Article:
I wondered out loud, to Takyrica and Martin, if Maggie had given any thoughts to how her CRT beliefs impacted an interracial family that does not fit conveniently into America’s race boxes. Martin turned to me, “How does that work? Are my kids half-oppressor and half-oppressed?” Takyrica took it a step further, “And when they come home, who do they see? Their parents? Or do they see an oppressor and the oppressed?”
What was there to be gained by the Maggies of America by segregating an interracial family by race?
There is little doubt that the defenders of CRT will passive aggressively claim that it is only a theory and that its critics are overreacting. But this theory ceases to be a theory the minute it crosses the threshold into a school. There is nothing theoretical in assigning a societal value to students based on their skin color, there is nothing theoretical about telling kids that the universal values of merit and hard work are white supremacist constructs, and there is nothing theoretical about reducing the vastly complex beauty of math and literature to the lowly value of race.
There is also nothing theoretical about placing Martin and Takyrica in the middle of a culture war dominated by CRT where they must fight daily not only as parents but as teachers to hold onto their bedrock principles. I asked Takyrica why she chose to teach at one of Chicago’s “busiest” neighborhoods where gunfire rings out daily when she could have applied to one of Oak Park’s cushy schools. She simply said that she was from the West Side and that was where she was going to teach. Then she said, “Math is a superpower and I know if I can instill the love of math in my students it will open the world for them. Education is what got me to where I am today. It wasn’t activism.”
Martin echoed similar sentiments. More than Takyrica, he has already felt the effects of CRT at his school; he has clashed with administrators over his refusal to be reduced to whiteness. I asked him, why fight? Why not bow your head and collect your paycheck for the sake of your family, especially as a white teacher at a nearly all black and hispanic school? He said that parental involvement and high expectations from teachers were the two keys to a student’s success and he was not going to abandon his responsibility. He also said, “If I allow myself to be taught self-hatred because of my whiteness, then how can I love? You have to love yourself in order to be able to love and inspire others.”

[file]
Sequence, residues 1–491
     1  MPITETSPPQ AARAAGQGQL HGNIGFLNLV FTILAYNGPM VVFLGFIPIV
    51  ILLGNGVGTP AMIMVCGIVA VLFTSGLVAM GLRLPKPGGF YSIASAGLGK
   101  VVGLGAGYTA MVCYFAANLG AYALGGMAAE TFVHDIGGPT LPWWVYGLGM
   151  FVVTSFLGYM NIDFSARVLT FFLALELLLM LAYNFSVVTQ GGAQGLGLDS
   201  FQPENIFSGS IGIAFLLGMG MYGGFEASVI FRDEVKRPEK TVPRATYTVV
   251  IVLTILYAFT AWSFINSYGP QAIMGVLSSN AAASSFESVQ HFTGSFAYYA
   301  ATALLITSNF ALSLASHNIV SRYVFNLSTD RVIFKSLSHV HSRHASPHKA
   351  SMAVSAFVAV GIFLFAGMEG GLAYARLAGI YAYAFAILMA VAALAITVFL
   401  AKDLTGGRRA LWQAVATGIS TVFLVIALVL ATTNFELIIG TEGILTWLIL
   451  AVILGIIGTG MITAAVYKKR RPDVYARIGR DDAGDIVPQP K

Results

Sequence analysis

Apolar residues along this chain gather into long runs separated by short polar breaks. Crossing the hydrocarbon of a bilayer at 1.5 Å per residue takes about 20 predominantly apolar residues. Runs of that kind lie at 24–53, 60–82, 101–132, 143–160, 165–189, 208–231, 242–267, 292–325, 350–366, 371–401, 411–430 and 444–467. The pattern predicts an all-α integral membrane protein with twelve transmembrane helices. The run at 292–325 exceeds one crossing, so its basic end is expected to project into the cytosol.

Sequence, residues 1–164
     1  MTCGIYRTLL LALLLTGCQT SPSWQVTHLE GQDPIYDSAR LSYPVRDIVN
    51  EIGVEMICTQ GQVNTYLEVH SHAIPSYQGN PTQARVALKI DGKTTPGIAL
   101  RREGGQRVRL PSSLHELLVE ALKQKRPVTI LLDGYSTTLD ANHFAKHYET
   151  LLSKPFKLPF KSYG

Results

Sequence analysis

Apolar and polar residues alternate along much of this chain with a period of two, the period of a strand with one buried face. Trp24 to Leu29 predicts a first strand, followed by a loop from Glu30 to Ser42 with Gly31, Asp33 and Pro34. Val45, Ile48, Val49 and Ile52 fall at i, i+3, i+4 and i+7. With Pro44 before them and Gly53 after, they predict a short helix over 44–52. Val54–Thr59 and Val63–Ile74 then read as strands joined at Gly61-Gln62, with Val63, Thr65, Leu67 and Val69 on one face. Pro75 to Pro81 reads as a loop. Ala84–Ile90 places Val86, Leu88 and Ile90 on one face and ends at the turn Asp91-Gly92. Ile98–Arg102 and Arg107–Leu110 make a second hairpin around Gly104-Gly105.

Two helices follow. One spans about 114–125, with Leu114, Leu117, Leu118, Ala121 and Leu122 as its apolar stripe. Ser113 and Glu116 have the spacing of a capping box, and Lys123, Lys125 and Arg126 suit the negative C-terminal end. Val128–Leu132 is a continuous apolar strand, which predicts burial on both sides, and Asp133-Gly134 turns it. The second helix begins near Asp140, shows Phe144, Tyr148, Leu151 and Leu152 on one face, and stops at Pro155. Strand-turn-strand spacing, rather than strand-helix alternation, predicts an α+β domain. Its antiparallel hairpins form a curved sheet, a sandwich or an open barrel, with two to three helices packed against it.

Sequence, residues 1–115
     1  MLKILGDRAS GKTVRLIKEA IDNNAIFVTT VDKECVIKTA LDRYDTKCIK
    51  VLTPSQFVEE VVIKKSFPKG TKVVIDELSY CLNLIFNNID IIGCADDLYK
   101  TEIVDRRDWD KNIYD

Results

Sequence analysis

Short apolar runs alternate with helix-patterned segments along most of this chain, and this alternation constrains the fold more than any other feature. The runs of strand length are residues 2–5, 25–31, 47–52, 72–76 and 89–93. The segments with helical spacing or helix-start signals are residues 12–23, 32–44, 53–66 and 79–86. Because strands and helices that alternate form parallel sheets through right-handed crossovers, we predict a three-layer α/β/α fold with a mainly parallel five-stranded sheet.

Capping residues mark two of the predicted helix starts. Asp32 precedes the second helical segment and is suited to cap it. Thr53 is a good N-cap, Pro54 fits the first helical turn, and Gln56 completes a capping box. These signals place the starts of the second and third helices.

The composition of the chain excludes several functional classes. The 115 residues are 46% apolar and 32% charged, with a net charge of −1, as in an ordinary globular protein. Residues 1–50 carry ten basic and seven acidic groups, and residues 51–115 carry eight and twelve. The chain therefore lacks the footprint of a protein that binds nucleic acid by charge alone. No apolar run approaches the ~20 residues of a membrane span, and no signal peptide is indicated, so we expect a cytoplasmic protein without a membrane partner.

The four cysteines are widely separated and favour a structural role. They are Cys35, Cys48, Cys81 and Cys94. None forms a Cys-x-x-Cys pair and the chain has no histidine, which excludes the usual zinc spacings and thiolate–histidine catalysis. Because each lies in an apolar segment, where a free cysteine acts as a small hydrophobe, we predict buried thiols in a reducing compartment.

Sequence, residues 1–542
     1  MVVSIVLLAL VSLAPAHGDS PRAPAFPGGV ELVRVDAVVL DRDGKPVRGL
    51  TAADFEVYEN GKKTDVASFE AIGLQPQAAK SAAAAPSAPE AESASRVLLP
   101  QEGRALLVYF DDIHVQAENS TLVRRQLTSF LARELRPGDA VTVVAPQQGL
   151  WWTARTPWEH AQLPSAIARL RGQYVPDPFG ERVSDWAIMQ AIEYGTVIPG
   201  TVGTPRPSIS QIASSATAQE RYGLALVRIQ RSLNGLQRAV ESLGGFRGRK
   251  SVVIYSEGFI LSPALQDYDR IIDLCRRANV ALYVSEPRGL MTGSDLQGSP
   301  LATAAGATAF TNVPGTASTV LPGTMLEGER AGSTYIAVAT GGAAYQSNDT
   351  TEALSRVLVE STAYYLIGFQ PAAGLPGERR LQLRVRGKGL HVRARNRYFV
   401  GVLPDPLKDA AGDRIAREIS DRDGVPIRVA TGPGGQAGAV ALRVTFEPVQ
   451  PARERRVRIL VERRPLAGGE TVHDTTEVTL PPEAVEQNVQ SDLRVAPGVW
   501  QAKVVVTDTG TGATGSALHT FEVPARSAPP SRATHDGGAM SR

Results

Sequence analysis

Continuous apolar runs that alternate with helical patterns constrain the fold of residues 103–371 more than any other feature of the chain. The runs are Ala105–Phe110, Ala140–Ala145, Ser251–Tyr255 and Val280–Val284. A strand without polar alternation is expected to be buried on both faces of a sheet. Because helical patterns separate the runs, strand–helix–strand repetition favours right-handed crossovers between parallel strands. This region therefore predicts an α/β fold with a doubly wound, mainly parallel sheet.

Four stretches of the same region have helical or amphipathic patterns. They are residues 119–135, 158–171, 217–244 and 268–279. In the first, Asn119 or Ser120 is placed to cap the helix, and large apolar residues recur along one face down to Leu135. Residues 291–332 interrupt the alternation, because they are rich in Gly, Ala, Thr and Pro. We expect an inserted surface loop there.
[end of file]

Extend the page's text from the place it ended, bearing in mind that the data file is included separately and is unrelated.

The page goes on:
As I drove away from the Kokoszka home, heading toward the shimmering Chicago skyline in the distance, I felt empowered by my encounter with Takyrica and Martin. The energy they emanated was infections and full of possibility and I knew that many of their students would find fuel in this soulful power, maybe enough to last a lifetime. This power was far different from the power that Maggie derived from her racial ideology. Her power placed her on the “right” side of the community in fighting the shameful achievement gap disparity, but in reality it divorced her from the massively difficult task of how to educate a population left behind. A racial ideology that beats people down to skin color does not possess the power to uplift people.
It was not until I made my way onto Michigan Avenue that I realized I was wrong. I thought it was the symbolism of Takyrica and Martin’s interracial marriage that placed them at the forefront of this culture war. The optics certainly play a part but it was their bedrock principles that put the steel in their spines. They grew up in different worlds, walked different paths, and yet they met by chance and fell in love because they shared the same universally human values and principles. There is enormous power in this truth, far greater than any manmade racial construct, and we must hold onto that or else.
Eli Steele is a documentary filmmaker and writer. His latest film is “What Killed Michael Brown?” Twitter: @Hebro_Steele